0.8 (0.6) 5.57 (3.9) 2.43 (1.7) 83 (58.1) Other rapidly perfused tissue (brain) Kidney Slowly perfused tissue (skin, muscle, fat, etc) 38 (127) 19 (64) 18 (60) *Average cardiac output 335 L/h **Average body weight = 70kg; average body density = 1 L/kg = body volume = 70L 0.44 (0.3) 5.16 (3.6) http://2012.igem.org/Team:Slovenia/ModelingPK 12
Circulation Times From where to where
Arm vein to lung Arm vein to left ventricle Arm vein to tongue Arm vein to brain Foot vein to tongue Right heart ventricle to ear (at level of brain stem) Arm to foot
5-8 6-8 12-15 13-20 37-47 8 21-35 Woerlee GM. Gerry’s Real World Guide to Pharmacokinetics & Other Things. 1991 http://www.anesthesiaweb.org
Volume of distribution (VD)
– quantifies extent to which drug is present in tissues (extravascular) – hypothetical volume required to contain all drug in tissues at consistent concentration – does not reflect actual plasma or blood volume
Absorption of Fluorescent Chemotherapy Drug by Murine Tumor Cells
Image from: Thurber GM, Yang KS, Reiner T, et al. Single-cell and subcellular pharmacokinetic imaging allows insight into drug action in vivo. Nat Commun. 2013;4:1504.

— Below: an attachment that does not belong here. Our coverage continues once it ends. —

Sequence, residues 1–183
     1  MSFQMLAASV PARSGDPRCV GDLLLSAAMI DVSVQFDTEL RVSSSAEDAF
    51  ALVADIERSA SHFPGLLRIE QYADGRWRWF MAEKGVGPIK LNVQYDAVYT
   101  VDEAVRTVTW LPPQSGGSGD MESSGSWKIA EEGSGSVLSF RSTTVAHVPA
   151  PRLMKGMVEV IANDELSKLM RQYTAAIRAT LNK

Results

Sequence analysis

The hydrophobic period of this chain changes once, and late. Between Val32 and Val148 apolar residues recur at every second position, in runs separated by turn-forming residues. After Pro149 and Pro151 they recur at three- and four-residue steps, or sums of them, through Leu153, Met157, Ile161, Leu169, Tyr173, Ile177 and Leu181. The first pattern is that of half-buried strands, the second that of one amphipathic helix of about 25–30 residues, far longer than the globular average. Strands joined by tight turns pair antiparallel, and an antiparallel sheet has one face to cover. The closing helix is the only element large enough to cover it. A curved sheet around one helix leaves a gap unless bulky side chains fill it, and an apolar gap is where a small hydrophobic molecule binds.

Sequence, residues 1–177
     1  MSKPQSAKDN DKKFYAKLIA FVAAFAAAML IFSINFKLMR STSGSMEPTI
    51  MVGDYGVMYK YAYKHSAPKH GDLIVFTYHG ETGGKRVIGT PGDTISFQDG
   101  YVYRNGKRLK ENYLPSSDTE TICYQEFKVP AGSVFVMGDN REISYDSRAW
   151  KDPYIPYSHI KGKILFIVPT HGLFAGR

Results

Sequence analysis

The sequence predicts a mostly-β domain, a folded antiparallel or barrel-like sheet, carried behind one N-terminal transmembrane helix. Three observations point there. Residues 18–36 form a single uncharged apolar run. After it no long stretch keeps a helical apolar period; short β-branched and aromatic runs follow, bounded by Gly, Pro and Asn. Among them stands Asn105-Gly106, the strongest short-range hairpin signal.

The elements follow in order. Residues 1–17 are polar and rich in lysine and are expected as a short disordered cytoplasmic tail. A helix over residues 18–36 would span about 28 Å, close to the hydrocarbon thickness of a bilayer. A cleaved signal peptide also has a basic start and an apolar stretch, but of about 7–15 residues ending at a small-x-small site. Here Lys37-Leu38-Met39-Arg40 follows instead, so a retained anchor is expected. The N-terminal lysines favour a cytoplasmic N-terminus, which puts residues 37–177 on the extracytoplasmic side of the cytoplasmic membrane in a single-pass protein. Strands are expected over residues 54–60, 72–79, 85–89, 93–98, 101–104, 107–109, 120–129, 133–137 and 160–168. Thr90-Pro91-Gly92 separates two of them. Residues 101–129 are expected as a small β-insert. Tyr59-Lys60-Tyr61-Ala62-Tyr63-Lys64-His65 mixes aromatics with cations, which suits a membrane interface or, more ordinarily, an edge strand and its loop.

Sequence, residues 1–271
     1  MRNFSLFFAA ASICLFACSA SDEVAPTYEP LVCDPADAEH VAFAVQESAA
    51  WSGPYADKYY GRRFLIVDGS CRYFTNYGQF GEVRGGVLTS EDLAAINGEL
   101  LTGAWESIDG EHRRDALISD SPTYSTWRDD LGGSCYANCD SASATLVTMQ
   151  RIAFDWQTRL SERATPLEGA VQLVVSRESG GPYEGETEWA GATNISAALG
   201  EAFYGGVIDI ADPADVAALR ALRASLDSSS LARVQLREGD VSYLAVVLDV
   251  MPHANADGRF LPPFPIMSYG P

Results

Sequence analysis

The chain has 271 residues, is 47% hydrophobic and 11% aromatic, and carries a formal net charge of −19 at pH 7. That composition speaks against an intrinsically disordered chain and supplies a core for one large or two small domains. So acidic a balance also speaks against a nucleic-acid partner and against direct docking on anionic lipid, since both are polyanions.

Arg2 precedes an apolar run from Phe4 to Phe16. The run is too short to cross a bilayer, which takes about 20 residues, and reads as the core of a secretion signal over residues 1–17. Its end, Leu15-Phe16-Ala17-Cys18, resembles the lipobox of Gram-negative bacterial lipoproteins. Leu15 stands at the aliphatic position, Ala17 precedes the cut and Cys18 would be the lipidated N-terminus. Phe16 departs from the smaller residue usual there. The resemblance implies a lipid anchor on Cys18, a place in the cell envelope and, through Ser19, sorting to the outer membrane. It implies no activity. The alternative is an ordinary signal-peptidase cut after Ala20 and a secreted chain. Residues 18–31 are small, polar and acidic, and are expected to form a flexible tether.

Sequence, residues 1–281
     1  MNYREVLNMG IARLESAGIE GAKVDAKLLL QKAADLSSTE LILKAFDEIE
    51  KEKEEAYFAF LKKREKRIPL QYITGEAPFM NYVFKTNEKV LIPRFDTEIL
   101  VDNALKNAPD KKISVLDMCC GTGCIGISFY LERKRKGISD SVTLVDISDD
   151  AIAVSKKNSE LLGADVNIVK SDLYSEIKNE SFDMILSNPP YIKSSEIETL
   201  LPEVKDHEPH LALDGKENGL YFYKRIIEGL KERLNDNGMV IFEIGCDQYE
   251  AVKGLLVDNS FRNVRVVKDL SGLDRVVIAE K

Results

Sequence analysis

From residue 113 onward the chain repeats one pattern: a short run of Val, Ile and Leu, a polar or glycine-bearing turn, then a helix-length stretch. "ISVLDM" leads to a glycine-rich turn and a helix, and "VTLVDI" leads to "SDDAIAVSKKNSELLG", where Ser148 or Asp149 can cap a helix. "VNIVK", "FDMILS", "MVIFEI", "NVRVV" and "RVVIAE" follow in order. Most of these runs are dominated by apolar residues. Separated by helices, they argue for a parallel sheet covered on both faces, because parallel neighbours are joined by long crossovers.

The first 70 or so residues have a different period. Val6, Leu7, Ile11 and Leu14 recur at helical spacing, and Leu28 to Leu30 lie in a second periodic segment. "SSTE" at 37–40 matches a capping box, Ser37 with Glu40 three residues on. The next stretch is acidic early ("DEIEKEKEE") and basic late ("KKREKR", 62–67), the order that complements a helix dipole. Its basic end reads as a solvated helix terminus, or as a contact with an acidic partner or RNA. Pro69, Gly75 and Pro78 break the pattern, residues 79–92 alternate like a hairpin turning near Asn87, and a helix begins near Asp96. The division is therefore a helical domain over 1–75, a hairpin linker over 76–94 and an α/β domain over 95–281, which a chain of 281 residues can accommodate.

14 & Gilman's The Pharmacological Basis of Therapeutics. 12th ed. New York: McGraw-Hill; 2011. http://www.accessmedicine.com/content.aspx?aID=16658120. Accessed October 2, 2013.
• • • •
Metabolism starts as soon as drug reaches enzymes capable of metabolizing.
liver kidney no metabolism proteolytic catabolism
– large protein biotech drugs http://www.ema.europa.eu/docs/en_GB/document_library/EPAR_-_Product_Information/human/000582/WC500029271.pdf
CYP450 – cytochrome P450 enzyme system
– liver and intestines most common sites – P450 enzymes can be inhibited (slowed), induced (sped up) – drugs often compete for same enzyme subgroup http://www.boomer.org/c/p4/c07/c0702.html
Metabolism First-pass metabolism
occurs before drug reaches circulation drugs with larger oral vs IV dose – propranolol – morphine
enhanced bioavailability avoids first-pass metabolism